Ere she turned her fascinated eyes away from the august sight, her cue was given. She started, and struggled to speak, but her lips clung together. There was a dull roar and whirl in her brain, as of a vortex of waters. In piteous appealing she looked into the face of her husband, and caught on his lips a strange, faint smile of mingled pity and exultation. It stung her like a lash ! Instantly she was herself, or rather Zara, a captive, but every inch a queen, and delivered herself calmly and proudly, though with a little tremble of her past agitation in her voice,—a thrill of womanly feeling, which felt its way at once to the hearts of her audience.

The first act, however, afforded her so little scope for acting, that she left the stage unassured of her own success. There was doubt before and behind the curtain. The critics had given no certain sign,—the general applause might have been merely an involuntary tribute to youth and beauty. Actors and actresses hung back,—even the friendly manager was guarded in his congratulations. But in the second act the debutante put an end to this dubious state of things,—at least, so far as her audience was concerned. “ The Captive Queen” took captive all, save that stern row of critics,—the indomitable, the incorruptible. Their awful judgment still hung suspended over her head.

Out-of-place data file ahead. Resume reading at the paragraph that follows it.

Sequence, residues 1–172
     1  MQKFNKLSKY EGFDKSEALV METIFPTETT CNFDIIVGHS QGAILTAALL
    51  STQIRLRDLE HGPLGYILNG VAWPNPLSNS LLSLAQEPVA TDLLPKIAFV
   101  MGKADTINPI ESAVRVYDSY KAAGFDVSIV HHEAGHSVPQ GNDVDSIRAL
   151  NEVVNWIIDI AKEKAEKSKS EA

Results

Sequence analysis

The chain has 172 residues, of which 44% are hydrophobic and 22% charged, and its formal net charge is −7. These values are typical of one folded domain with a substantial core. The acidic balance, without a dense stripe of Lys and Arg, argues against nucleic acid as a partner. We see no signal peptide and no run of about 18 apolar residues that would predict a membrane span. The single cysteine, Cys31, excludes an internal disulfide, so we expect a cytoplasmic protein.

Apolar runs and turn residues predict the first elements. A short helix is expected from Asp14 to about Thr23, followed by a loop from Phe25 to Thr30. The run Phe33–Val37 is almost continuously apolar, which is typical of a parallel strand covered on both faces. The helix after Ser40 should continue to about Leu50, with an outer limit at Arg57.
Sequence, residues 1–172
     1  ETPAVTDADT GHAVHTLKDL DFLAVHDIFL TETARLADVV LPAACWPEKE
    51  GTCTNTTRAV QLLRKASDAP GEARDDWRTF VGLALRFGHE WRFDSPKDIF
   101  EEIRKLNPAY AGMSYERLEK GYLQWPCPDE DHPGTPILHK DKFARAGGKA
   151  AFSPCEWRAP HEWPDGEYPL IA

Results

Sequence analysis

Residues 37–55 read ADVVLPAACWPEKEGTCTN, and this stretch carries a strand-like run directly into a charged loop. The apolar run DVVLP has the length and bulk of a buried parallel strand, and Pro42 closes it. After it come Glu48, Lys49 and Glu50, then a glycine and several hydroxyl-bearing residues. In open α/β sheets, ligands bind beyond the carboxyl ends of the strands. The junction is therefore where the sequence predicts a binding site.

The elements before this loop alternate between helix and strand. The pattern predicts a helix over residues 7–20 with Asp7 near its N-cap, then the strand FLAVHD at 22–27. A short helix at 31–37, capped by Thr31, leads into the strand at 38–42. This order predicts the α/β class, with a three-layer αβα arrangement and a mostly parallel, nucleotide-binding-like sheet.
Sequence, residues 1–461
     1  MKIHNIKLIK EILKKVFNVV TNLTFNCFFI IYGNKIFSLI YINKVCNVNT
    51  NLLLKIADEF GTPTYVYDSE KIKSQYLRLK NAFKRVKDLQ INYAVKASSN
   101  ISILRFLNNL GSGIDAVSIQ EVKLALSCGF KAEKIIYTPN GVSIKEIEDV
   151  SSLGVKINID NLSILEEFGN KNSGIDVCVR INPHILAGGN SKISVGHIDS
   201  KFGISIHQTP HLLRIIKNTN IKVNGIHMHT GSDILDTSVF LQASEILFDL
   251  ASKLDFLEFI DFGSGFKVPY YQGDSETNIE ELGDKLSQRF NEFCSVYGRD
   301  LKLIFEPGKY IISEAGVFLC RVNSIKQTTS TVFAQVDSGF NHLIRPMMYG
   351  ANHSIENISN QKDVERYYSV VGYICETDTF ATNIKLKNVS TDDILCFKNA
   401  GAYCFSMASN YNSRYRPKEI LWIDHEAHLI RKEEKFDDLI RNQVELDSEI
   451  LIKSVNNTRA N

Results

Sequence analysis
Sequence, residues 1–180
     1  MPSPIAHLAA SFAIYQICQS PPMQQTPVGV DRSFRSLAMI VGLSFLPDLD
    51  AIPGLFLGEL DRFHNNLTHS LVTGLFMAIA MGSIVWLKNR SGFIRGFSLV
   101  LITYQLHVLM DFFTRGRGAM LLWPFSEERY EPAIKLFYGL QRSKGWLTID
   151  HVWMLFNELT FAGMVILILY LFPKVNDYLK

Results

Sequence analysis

In a scene with Osmyn Zelma first revealed her tragic power. In her fitful tenderness, in the passionate reproaches which she stormed upon him, in her entreaties and imprecations, she was the poet’s ideal, and more. She dashed into the crude and sketchy character bold strokes of Nature and illuminative gleams of genius, all her own.

Mr. Bury, as Osmyn, was cold and unsympathetic, avoided the eye of Zara, and was even more tender than was "set down in the book” to Almeria.

“ How well he acts his part!” said to herself the generous Zelma.

“How anxiety for his wife dashes his spirit! ” said the charitable audience,